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Chivalry and Gender Stereotypes. T. William Altermatt, Ph.D. Hanover College. Last wireless message transmitted by the Titanic : “Have cleared boats and filled them with women and children” Reactions in the newspapers mixed Praising the heroism of the men…. …and criticizing feminism.

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chivalry and gender stereotypes

Chivalry and Gender Stereotypes

T. William Altermatt, Ph.D.

Hanover College

Last wireless message transmitted by the Titanic: “Have cleared boats and filled them with women and children”
  • Reactions in the newspapers mixed
    • Praising the heroism of the men…
and criticizing feminism
…and criticizing feminism
  • Quote fromeditorial:“It was not a question of ‘Votersfirst,’ but the cry allover the ship was Women first!’ In acquiescing to that cry the women admitted that they were not fitted for men’s tasks”
  • Reactions reflect opposing beliefs about chivalry…
  • A norm advocating that men protect and provide for women.
  • Debate over chivalry:
    • Those in favor...
      • Gesture of respect
      • Acknowledgement of feminine “virtue”
    • Those opposed...
      • Woman’s role in chivalry: passive recipient
      • Undermines women’s independence
or maybe they re both right
Or maybe they’re both right…


Stereotypes about Women

“Positive”: Women are superior to men in


Negative: Women are inferior to men in


hypothesis 1
Hypothesis #1
  • Individuals who endorse chivalryalso believe that women are more virtuous and less agentic than men are.
  • Co-occurrence of belief
    • Direction of causality unknown
    • Chivalry is not only consistent with belief in women’s relative virtue and lack of agency, but the three beliefs tend to be found together.
study 1 questionnaire
Study 1: Questionnaire
  • 410 Participants
  • Questionnaire assessed two issues
    • Chivalry
    • Sex stereotypes
      • Virtue
      • Agency
chivalry scale
Chivalry Scale
  • 10 items,  = .87 (N = 571)
  • Sample items:
    • “A man has an obligation to protect a woman who is in danger.”
    • “A man should give up his seat to a woman if the bus is crowded.”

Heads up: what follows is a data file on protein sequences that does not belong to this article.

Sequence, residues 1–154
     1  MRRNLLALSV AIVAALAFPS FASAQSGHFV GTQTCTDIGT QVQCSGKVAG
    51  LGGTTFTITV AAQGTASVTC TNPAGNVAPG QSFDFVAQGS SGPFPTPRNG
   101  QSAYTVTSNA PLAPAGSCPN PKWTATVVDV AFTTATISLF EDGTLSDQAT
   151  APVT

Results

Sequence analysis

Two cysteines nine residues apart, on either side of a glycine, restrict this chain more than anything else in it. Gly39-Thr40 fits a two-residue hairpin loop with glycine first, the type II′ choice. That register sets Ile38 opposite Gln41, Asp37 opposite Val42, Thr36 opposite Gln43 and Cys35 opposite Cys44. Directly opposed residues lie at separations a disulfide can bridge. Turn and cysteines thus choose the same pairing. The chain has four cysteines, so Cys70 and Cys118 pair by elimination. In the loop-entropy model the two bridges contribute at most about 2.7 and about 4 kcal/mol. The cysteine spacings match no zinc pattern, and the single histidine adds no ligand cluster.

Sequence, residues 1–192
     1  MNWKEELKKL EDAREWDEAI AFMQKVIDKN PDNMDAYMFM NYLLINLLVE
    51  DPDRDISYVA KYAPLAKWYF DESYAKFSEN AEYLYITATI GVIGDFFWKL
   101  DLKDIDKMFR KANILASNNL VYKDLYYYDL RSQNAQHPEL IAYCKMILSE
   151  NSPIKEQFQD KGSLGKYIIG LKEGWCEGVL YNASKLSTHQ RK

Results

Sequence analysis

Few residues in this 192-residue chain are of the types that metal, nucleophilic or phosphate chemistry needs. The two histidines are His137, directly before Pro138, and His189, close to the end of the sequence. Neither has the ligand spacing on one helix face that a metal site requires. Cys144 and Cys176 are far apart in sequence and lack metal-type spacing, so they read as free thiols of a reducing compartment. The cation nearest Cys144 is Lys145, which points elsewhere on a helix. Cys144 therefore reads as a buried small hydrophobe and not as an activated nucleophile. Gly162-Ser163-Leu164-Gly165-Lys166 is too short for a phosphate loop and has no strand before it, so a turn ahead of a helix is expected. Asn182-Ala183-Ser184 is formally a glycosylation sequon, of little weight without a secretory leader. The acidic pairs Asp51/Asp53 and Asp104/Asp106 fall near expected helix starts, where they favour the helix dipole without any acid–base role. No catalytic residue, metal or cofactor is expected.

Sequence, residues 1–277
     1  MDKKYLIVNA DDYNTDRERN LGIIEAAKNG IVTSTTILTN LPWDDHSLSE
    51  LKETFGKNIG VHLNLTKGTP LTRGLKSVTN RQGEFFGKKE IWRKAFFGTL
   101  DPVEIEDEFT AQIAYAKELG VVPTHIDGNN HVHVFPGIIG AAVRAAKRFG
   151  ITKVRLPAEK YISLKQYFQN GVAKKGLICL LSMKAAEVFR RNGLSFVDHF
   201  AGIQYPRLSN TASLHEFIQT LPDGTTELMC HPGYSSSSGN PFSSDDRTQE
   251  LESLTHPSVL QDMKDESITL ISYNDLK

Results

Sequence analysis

• “When a man and a woman are together, the man should always offer to pay the check.”
sex differences in virtue
Sex Differences in Virtue
  • 11 items,  = .78 (N = 407)
  • Subscales
    • Moral Virtue (5 items,  = .64)
      • “Women have a finer moral sense than men do.”
    • Sexual Virtue (6 items,  = .67)
      • “Women aren’t as interested in sex as men are.”
sex differences in agency
Sex Differences in Agency
  • 12 items,  = .90 (N = 410)
    • “Women should be more submissive than men.”
    • “Men understand the complexities of the political world better than women.”
chivalry and sex stereotypes

Moral Virtue


No significant differences between male and female respondents.





Sexual Virtue

*p < .05, ***p < .001

Chivalry and sex stereotypes
hypothesis 2
Hypothesis #2
  • If you think that women are more virtuous than men, what happens when you encounter a woman that you do not consider virtuous?
    • Pope Urban II: “women of noble birth should enjoy his special care” (11th century)
  • Hypothesis: Chivalry is not for all women but only women who appear high in virtue and low in agency.
    • Must women act a certain way in order to receive chivalrous treatment?
    • Challenges the view of chivalry as indiscriminately altruistic toward women
study 2 laboratory experiment
Study 2: Laboratory Experiment
  • Every hour: 3 participants, 3 confederates
  • Stage 1: impression formation
    • Virtue: clothing, memorable event from last summer, most embarrassing photograph
    • Agency: eye contact, initiative, posture, year, major, plans for future, trivia game
stage 2 courteous helpful behaviors dv
Stage 2: courteous / helpful behaviors (DV)
  • holding door
  • retrieving dropped envelope
  • donating to charity
  • picking up pencils
results of study 2
Results of Study 2

Helping behaviors averaged together and standardized to form DV: 0 is “average” helping.

High = top-33%Low = bottom-33%

hypothesis 3
Hypothesis #3
  • Receiving chivalrous treatment makes women appear less agentic.
    • Chivalry manipulated rather than treated as an individual difference
    • Most directly addresses the question: Does chivalry undermine women’s independence?
  • Produced video of couple out to dinner:
    • Two versions, exactly the same except for 6 points
    • Six opportunities for chivalrous behavior
    • All six: High chivalry. None: Low chivalry

Holds her chair (high) or they both sit down together (low).

Motions for her to order first (high), or orders first himself (low)

Stands when she excuses herself from the table (high), or remains seated (low).

Pays the check (high) or splits the check (low)

Sample behaviors for male actor

  • After watching video, participants rated each actor on 11 traits.
  • Traits averaged to form scales:
    • Agentic: Intelligent, Competent, Ambitious, Assertive (alpha=.86)
    • Warm: Warm, Kind-hearted, Respectable (alpha = .88)
    • Independent (single item)
study 3 male character
Study 3: Male Character

Each comparison: p < .01

May explain why chivalry is not dead: It makes men look better.

  • Chivalry is related to two stereotypes about women:
    • Women are more virtuous than men (explains why women are thought to deserve chivalry)
    • Women are less agentic than men (explains why women are thought to require chivalry)
  • Future directions:
    • Video Study 2: independently manipulating courtesy and payment (and adding a “female chivalry” level)
    • Relation between chivalry and paternalism – treating women as if they were children.
the link between chivalry and sexist attitudes is the agency stereotype
The link between Chivalry and sexist attitudes is the Agency stereotype


Moral Virtue








Distrust ofWomen


Sexual Virtue